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I'm getting into Linux kernel programming and I have successfully built my own kernel several times now. However, I have done it using step by step guides found from the internet and I don't really understand what happens in the build process. So far I've found several different ways to build the kernel. One is:

make-kpkg -j5 --initrd kernel-image kernel-headers

As I understand it, make-kpkg is a Debian program designed for building and packaging kernel related stuff. --initrd is used to generate initrd image automatically. What are the last two arguments (kernel-image and kernel-headers) for?

Another way to build the kernel is just

make deb-pkg

What does this command do as compared to the first command?

Also, in this guide, building the kernel is done by:

fakeroot debian/rules clean
fakeroot debian/rules binary-headers binary-generic

Which is the recommended way to build the kernel on Ubuntu? What exactly happens when I execute one of the commands above? If I wished to do everything one of the commands above does manually, what steps would I have to take?

  • 1
    I think you're asking about packaging, not building. Building the kernel is configure make make install, or make menuconfig, make, make install... – RobotHumans Oct 4 '14 at 12:11
  • @hbdgaf This is building the kernel package. This includes building the kernel image (i.e. transforming a bunch of source files into an executable image) as well as building the package (i.e. bundling a bunch of files together in an archive). – Gilles Oct 4 '14 at 12:53
  • Does make also build all the modules or is that done separately? – Echows Oct 4 '14 at 14:24
  • @Echows there's separate target for modules, modules-install iirc. Coming from Gentoo where I first built my kernel, I found that building it on Ubuntu/debian is quite more complicated, thanks to packaging it. One of the many reasons I prefer Gentoo. – MatthewRock Aug 9 '16 at 10:05
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make-kpkg is a command from the package kernel-package, which used to be part of the official packaging infrastructure for the kernel packages that get shipped in the Debian distribution. It is not being used for that purpose anymore because the current maintainer for the kernel packages inside the Debian distribution chose to stop using it; however, the authors of the kernel-package package have not stopped maintaining it, so it is still an officially supported way of creating your own Debian packaged version of a kernel. It has various options and targets; the most important ones are the ones you refer to in your question, i.e., kernel-image (which builds a package containing the kernel and modules that you selected during make config), and kernel-headers (which contains the include files that you might need if you want to compile an out-of-tree module). The kernel-package package is maintained as part of the Debian (or derivative, like Ubuntu) release with which it was released, so as a result if things change in the Debian infrastructure then newer versions of kernel-package will be updated to incorporate it, and they will ship with that version of Debian. As a result, a kernel package created by the kernel-package package is always tailored best for the version of Debian on which it was created. However, if things change within the Linux kernel in a way that makes kernel-package break, then updating your kernel package for a stable version of Debian may be somewhat complicated.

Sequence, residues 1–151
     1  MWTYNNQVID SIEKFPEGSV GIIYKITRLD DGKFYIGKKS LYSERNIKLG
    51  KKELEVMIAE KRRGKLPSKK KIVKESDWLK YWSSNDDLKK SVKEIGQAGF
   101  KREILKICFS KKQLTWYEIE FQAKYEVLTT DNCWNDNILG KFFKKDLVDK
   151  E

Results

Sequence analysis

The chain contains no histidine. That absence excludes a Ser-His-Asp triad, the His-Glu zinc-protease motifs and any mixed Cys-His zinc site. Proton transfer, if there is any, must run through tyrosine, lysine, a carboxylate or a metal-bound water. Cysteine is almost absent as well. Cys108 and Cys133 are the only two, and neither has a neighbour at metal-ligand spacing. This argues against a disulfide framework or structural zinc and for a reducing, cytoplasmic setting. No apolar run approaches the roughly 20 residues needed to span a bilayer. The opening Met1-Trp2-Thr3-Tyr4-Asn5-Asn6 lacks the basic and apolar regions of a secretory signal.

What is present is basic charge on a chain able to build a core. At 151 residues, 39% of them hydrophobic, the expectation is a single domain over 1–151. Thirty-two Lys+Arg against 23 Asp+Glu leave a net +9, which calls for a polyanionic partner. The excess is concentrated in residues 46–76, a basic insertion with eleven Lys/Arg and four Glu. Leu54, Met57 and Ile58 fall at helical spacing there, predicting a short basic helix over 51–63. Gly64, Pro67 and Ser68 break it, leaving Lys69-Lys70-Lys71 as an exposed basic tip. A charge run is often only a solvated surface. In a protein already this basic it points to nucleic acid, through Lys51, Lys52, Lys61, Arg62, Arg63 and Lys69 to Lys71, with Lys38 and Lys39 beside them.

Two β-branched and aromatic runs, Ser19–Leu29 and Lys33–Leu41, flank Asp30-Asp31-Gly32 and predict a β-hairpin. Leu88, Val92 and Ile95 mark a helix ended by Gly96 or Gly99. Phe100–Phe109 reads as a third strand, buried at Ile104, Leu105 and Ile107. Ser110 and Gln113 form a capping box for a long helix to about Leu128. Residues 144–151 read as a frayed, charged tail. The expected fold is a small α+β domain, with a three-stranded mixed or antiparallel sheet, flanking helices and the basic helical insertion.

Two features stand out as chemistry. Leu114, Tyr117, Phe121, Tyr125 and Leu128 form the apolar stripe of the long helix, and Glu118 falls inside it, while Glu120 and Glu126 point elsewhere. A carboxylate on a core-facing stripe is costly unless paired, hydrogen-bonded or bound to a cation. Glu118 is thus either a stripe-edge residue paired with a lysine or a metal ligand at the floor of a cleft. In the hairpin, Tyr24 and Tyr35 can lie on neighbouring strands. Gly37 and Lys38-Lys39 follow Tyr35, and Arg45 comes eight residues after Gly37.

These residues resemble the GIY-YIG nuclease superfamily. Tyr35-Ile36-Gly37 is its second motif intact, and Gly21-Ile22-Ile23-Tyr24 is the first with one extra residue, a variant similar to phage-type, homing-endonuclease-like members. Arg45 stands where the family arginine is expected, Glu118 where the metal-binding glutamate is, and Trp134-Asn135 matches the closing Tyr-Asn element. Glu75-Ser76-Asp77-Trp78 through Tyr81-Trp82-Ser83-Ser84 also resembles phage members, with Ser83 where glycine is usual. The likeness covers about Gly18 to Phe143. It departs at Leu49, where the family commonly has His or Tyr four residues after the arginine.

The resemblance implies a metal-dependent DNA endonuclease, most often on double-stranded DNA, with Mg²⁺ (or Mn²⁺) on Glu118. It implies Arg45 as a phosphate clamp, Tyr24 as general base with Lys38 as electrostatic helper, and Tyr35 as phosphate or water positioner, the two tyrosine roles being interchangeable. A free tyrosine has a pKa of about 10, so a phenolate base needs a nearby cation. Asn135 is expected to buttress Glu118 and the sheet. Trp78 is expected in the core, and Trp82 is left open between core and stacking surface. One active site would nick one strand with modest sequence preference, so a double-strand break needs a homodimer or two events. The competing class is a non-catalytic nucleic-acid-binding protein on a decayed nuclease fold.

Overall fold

make deb-pkg is a target in the Linux kernel's build infrastructure. It receives patches from Debian developers, but as it is not maintained within Debian itself, it always uses the tools and policies that are most up to date at the point in time where the kernel version you're trying to build was created. This means that in some cases, it might try to use a tool that isn't available on an older distribution yet. As it is not maintained inside Debian, it is not an officially-supported method (at least not from the point of view of Debian) for creating kernel packages; having said that though, it is mostly maintained by people who are involved in Debian, and so there is no reason to suspect that it won't work.

Whichever method you choose is just a matter of preference; unless you are heavily invested in peculiar outcomes of the package building options, both methods will work just fine.

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